Power has one purpose—to produce desired results.
Power is subtle. Power is not gained through manipulation; it is obtained through the artful application of the elements of organizational power. There are four elements of organizational power-Diplomacy, Information, Manpower, and Economics.
To keep this writing short and to the point, I will briefly address Diplomacy. Look for the other elements of power over the next few months.
Diplomacy is about building and maintaining relationships and establishing a reputation.
Diplomacy is building and maintaining relationships outside of your organization’s sphere of influence. This includes relationships with organizations from other industries, Government entities to include, Federal, State, and Local. I can hear many of you saying ‘of course, we do maintain those types of relationships. It is only smart and good business to do so.’
Yes, it is smart business to build and maintain those types of relationships particularly given the second element of power—information. Each of the entities named earlier can provide valuable intelligence, also known as actionable information, which will assist in keeping your organization profitable.
I recommend building and maintaining relationships with charitable organizations; nonprofits, particularly nonprofits that have causes that impact your industry; and community organizations. I would advise all businesses regardless of the industry connect to education efforts in the communities they are based and have a presence.
The good will of the community is worth 100 fold the investment of time, money and effort to maintain a positive relationship. Things go wrong. When they do, it is invaluable to have a positive relationship with the community.
The community is more than a geographic area. A community is also a type of consistent customer. As an example, in the transportation industry the “community” takes into account not only geography but a community of travelers, some local commuters travel exclusively by rail, others by public surface transportation, still others are national or international travelers and utilize regional rail or aviation. Each community will have an impact on the transportation industry.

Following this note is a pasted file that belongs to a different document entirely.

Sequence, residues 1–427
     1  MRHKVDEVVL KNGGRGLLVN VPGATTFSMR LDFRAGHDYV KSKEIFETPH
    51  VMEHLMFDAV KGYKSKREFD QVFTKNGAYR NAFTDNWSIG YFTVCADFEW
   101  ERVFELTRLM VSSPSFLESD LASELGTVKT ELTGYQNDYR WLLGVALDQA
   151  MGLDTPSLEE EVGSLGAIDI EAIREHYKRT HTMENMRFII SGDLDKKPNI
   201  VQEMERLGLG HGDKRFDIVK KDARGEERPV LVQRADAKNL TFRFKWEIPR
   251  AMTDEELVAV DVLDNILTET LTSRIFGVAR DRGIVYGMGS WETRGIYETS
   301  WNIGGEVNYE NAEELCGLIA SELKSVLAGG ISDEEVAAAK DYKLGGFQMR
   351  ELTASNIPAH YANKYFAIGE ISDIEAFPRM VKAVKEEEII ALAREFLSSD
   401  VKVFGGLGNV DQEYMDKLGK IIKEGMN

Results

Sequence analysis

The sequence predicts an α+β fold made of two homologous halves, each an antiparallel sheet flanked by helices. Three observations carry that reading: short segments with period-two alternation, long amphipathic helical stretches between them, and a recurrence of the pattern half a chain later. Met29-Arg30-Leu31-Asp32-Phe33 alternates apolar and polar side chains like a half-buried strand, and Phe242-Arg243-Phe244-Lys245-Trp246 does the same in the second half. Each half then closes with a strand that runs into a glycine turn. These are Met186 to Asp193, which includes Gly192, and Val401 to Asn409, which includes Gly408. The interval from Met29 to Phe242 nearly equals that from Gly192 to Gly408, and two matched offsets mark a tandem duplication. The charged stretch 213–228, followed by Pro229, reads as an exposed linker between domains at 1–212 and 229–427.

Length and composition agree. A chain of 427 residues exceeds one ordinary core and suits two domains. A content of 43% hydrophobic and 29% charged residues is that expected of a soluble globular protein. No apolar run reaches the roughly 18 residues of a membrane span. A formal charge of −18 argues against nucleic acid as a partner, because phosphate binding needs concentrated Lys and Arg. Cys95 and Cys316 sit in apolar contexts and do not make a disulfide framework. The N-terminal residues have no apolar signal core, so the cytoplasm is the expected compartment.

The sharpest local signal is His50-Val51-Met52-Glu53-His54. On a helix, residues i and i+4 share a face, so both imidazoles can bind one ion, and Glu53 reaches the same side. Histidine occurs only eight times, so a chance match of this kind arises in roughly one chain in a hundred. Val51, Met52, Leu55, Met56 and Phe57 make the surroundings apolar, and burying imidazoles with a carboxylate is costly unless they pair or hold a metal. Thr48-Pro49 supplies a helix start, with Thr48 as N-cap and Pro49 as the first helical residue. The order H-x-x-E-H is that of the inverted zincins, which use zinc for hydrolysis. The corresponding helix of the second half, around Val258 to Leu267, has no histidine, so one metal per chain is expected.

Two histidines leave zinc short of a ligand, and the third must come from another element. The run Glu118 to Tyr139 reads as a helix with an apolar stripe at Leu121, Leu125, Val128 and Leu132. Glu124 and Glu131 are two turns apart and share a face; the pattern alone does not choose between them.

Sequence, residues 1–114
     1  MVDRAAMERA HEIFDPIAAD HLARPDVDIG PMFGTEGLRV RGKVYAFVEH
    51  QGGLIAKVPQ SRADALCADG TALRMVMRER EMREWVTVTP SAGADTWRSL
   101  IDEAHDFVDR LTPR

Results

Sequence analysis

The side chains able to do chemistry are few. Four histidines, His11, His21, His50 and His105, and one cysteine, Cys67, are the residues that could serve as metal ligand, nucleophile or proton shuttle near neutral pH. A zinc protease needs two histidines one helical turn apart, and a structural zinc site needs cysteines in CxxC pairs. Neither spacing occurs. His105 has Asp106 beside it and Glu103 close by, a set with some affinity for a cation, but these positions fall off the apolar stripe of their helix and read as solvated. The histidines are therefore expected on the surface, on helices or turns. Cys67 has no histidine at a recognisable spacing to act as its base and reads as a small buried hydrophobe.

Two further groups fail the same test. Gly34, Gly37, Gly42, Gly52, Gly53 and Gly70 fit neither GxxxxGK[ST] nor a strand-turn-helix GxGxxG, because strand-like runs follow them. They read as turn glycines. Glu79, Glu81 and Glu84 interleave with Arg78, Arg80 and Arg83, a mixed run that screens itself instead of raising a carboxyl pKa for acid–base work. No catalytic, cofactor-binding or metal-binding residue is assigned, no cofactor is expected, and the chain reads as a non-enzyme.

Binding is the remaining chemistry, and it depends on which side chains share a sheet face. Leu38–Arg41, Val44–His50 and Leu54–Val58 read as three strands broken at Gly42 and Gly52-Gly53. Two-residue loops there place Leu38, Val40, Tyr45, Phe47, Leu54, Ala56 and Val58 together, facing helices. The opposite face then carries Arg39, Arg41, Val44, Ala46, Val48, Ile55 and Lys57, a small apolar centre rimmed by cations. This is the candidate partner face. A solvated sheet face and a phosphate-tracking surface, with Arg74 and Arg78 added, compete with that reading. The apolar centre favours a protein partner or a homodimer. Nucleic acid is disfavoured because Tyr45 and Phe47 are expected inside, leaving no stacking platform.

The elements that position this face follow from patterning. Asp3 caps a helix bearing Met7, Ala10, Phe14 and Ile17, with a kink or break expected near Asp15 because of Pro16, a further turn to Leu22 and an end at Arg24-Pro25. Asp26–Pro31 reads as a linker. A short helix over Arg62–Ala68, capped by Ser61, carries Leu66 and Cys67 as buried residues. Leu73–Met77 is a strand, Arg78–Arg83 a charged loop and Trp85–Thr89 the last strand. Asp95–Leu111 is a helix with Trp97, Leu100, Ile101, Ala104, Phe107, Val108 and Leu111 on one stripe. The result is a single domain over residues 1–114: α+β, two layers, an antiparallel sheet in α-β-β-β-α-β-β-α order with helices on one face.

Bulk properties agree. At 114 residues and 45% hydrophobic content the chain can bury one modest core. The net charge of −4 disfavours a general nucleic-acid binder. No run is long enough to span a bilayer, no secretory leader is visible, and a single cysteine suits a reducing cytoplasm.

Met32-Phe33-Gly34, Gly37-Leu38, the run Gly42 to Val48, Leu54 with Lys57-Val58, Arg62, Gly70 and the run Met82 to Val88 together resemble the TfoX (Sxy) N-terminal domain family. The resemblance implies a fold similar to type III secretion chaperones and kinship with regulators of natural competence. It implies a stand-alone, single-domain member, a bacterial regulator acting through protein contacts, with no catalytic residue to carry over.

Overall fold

Reputation and Relationships go hand-in-glove. Reputations are built by an organization doing what it says it is going to do. It is making a promise and delivering on that promise.
When a customer buys a product or service, a promise is made by that business. The product is free of flaws, and the service will be complete and satisfactory. Note, I did not reference warranties or fine print. A promise, implicit as it may seem, has been given.
Organizations today suffer from not immediately living up to the promise of flawless and satisfactory service. United Airlines is top of mind for damaging its reputation as a result of not living up to the promise of satisfactory service.
The unfortunate display of lack of service surrounding the overselling of seats which led to the forceful removing of a passenger. The incident haunts United Airline and will for some time.
Conversely, General Motors (GM) experienced a recall nightmare. In 2014 GM recalled what seemed like every model of car made—Feb 2014—800,000 Chevrolet Cobalt and Pontiac G5 vehicles; 600,000 Chevrolet HHR, Pontiac Solstice, Saturn Ion, Saturn Sky vehicles; March over 824,000 additional vehicles recalled due to faulty ignition switches. Facing what the casual observer would anticipate as the demise of a brand, the opposite happened. GM sales in 2015 grew totaling 9.8 million vehicles.
In the case of United Airlines, their first effort to mitigate the situation was to reference the small print and cast blame on the customer. United took no ownership of the implicit promise. The United Airlines reputation is damaged and will take time to repair.
GM, under the new leadership of Mary Barra, took responsibility for the problems leading to the recall. Her statement “We will hold ourselves accountable and improve our processes, so our customers do not experience this again.” GM lived up to the implicit promise all companies have with their customers. The GM reputation remains in tact.
Power has one purpose—produce desired results.
Organizations that understand the first element of power—Diplomacy is on the fast track to wheeling power effectively. Producing the desired results start with building and maintaining relationships and a reputation that delivers on promises.